The Deacons of a
Prayer: For the finances of the church, that God will put it into the
hearts and minds of the people, not only to tithe, but to make offerings
unto the Lord.
As deacons were appointed at first "to serve tables," it may be well to
say, there are three tables for them to serve: 1. The table of the poor.
2. The table of the Lord. 3. The table of the pastor. The pecuniary
supplies to enable them to serve these tables must be furnished by the
church. The custom of taking a collection for the poor when the Lord's
Supper is administered is a good one, and worthy of universal adoption. It
is suitable at the close of the solemn service to think of the pious poor,
whom sickness or some other misfortune may have kept from the sacred
As some pecuniary expenditure is necessary in furnishing the table of the
Lord, this should be made through the deacons; and it is eminently proper,
though not indispensable, for them to wait on the communicants in the
distribution of the elements,
Deacons must serve the pastor's table. It, is not for them to decide how
liberally or scantily it shall be supplied. The church must make the
decision, and enlarged views should be taken when it is made; for the
energies of hundreds of pastors are greatly impaired by an incompetent
support. The pastor's compensation having been agreed on by the church,
the deacons must see that it is raised and paid over. They may appoint one
of their number acting treasurer, who shall receive and pay out funds; but
it should never be forgotten that deacons are by virtue of their office
the treasurers of the church. To appoint any other member to act as
treasurer is not warranted by Scripture.
As all pecuniary expenditures are to be made through deacons, they should
at the end of every year make a report to the church what moneys they have
received during the year, how they have been expended, etc. This will keep
everything straight and plain, while it will have no little to do with a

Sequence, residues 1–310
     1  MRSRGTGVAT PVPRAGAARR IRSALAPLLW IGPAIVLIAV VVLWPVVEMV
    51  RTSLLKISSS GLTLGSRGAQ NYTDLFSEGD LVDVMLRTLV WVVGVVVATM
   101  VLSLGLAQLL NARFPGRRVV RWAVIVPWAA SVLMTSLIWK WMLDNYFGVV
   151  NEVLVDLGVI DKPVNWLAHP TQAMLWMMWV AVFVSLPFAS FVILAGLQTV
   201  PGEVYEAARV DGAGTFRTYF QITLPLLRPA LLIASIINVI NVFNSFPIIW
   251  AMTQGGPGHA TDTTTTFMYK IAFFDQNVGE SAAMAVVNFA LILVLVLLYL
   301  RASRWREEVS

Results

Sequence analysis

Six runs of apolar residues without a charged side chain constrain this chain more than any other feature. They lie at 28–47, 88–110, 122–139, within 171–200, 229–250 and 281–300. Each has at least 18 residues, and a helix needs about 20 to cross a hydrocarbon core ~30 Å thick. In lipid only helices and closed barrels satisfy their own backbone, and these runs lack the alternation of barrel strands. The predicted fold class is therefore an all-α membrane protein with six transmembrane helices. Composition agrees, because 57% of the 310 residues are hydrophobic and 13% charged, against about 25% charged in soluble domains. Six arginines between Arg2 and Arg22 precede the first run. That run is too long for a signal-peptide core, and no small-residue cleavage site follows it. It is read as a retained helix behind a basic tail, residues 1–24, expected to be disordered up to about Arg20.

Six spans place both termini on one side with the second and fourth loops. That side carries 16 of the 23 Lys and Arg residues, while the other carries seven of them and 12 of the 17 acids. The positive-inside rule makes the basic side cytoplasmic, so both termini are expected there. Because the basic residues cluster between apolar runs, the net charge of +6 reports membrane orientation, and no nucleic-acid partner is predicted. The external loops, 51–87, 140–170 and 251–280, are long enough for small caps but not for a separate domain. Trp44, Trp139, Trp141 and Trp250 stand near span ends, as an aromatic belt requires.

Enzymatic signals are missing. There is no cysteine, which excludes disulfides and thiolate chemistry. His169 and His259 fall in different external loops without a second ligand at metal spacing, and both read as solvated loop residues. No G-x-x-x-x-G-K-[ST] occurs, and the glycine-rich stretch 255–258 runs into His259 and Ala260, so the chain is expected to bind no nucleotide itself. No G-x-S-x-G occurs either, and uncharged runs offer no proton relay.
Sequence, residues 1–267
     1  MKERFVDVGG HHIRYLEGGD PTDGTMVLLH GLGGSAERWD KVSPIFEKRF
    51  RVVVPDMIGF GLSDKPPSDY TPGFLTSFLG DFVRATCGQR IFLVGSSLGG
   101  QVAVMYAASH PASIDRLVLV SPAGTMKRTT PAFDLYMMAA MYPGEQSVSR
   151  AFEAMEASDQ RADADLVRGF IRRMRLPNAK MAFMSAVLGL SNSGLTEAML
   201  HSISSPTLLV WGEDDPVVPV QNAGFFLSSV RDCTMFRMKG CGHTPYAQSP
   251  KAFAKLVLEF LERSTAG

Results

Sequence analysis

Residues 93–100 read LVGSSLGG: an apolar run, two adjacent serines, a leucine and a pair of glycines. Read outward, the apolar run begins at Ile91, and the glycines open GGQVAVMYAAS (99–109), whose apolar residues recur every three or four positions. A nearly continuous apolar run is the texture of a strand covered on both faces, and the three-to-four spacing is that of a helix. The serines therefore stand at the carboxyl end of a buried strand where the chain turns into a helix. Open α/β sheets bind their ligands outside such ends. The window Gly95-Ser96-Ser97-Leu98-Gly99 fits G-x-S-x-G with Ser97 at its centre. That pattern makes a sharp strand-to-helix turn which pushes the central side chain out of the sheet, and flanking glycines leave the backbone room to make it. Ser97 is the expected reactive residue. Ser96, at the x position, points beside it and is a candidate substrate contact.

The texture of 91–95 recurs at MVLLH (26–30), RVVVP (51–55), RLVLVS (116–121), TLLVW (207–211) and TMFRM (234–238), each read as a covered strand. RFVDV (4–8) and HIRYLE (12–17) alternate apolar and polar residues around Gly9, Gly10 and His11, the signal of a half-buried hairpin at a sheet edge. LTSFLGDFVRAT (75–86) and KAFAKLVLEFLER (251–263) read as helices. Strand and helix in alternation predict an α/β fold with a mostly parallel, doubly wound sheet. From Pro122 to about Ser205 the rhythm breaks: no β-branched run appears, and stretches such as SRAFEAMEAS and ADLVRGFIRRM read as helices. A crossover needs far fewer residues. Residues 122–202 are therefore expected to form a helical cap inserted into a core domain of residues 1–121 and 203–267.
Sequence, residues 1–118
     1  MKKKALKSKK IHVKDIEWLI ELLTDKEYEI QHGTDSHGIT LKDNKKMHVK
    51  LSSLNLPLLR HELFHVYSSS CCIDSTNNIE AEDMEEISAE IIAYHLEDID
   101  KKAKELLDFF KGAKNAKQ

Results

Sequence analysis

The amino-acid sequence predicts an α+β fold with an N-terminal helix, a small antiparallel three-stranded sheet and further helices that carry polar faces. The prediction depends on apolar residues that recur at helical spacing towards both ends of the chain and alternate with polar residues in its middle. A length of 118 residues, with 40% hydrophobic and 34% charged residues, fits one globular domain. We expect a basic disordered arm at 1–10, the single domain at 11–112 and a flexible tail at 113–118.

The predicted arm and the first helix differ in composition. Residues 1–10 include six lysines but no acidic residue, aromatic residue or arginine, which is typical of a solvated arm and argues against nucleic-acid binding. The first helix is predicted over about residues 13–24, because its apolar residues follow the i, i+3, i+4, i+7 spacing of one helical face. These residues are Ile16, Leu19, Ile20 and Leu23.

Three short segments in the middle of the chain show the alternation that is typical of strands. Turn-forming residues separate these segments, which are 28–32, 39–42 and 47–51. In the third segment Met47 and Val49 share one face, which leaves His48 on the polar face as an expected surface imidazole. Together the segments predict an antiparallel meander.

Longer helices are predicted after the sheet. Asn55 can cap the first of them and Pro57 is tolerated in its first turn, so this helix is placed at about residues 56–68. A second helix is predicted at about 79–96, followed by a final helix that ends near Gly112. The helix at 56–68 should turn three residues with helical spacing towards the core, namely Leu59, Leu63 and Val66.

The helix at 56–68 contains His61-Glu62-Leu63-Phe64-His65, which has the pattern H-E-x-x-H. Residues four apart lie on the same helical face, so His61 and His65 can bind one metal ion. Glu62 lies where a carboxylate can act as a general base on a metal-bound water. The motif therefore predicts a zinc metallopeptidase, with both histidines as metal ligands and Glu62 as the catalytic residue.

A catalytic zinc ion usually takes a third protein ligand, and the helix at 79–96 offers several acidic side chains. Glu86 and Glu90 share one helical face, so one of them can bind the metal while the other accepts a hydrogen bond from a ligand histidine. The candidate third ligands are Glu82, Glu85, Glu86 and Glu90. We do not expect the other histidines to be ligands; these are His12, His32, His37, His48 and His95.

church's influence and efficiency.
Deacons should be appointed for an indefinite period, and set apart to
their office by prayer and the laying on of hands. It is much to be
regretted that many churches hold very loose views on these points. They
attach very little importance to the deaconship, and seem to regard it
very much as a clerkship or a trusteeship. Indeed a few churches, to their
shame be it said, elect their deacons annually; and of one of them it was
once said: "Nearly every male member in it has at some time acted as
deacon." This amounts almost to a degradation of the deaconship. And those
holding these views and indorsing this practice consistently oppose the
ordination of deacons. They see not the propriety of ordaining men to an
office to which they attach so little importance. Let deacons be chosen
for an indefinite period and then let them be solemnly ordained according
to the example given in Acts 6:6. "When they had prayed, they laid their
hands on them" Prayer is appropriate on all occasions, and laying on of
hands is a token of designation to office
Some object to laying on of hands, supposing the design of this ceremony
in apostolic times was the communication of the Holy Spirit. That the
Spirit was sometimes given in connection with the imposition of hands is
evident from Acts 8:17; but the first deacons were chosen because they
were already "full of the Holy Spirit." Therefore the laying on of hands
was not for the purpose of conferring the Holy Spirit, but of designating
to office. This is the object of the ceremony now, and no one who has
scriptural views supposes there is a bestowal of extraordinary gifts.
It is the custom in some places to lay on hands in ordination during
prayer. This is not according to scriptural example. Whenever prayer and
laying on of hands are referred to in connection with each other, as in
Acts 6:6; 13:3, it is evident that prayer was first offered - then
followed imposition of hands to be seen and known as a designation to
office, but which could not without a violation of propriety be seen
during prayer. It is very desirable that all the churches adopt the
practice of ordaining deacons by prayer and the laying on of hands. It
adds to the influence of the deaconship when induction into it is
accompanied by appropriate services.
Discussion by Leader:
1. What the church could do if every member tithed and then in addition to
the tithe, made love offerings to the Lord; how that it would more than
double our finances and enable us to do so much more for the Lord.
2. How that if we do not tithe, it costs more than the tithe in other
ways, to rob the Lord of His tithe.
Parts for Assignment:
1. Name the three tables to be served by deacons and define them.
2. The Pastor's table.
3. The Table of the Lord.
4. The Table of the poor.
5. Deacons and finance.
6. Deacons and ordination; manner; length of service.
1. What kind of a salary should a pastor receive?
2. What expenses does the pastor have that ordinary members do not have?
3. What does "double honor" mean in connection with the pastor?
4. Should stingy, penny-pinching men be chosen as deacons?
5. What about the Table of the poor, should the church take care of all
the poor of a community? Is the church to take care of all the poor of its
own membership? Why not? Widows? Lazy? Worldly?
6. What should the church do before a man is elected and ordained to the
office of deacon?
Midi playing is;
The Longer I Serve Him